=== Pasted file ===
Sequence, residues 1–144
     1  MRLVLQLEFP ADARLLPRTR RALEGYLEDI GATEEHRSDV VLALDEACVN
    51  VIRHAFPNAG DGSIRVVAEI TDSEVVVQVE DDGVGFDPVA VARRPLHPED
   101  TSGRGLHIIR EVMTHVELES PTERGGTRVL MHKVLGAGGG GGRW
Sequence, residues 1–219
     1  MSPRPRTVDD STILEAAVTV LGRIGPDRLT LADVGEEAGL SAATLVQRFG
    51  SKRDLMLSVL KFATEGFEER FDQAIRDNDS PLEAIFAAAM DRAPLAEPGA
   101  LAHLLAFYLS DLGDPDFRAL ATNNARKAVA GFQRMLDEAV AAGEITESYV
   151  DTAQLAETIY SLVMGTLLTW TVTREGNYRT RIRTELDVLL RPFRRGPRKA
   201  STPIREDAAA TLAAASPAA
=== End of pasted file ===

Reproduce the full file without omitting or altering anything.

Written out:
Sequence, residues 1–144
     1  MRLVLQLEFP ADARLLPRTR RALEGYLEDI GATEEHRSDV VLALDEACVN
    51  VIRHAFPNAG DGSIRVVAEI TDSEVVVQVE DDGVGFDPVA VARRPLHPED
   101  TSGRGLHIIR EVMTHVELES PTERGGTRVL MHKVLGAGGG GGRW
Sequence, residues 1–219
     1  MSPRPRTVDD STILEAAVTV LGRIGPDRLT LADVGEEAGL SAATLVQRFG
    51  SKRDLMLSVL KFATEGFEER FDQAIRDNDS PLEAIFAAAM DRAPLAEPGA
   101  LAHLLAFYLS DLGDPDFRAL ATNNARKAVA GFQRMLDEAV AAGEITESYV
   151  DTAQLAETIY SLVMGTLLTW TVTREGNYRT RIRTELDVLL RPFRRGPRKA
   201  STPIREDAAA TLAAASPAA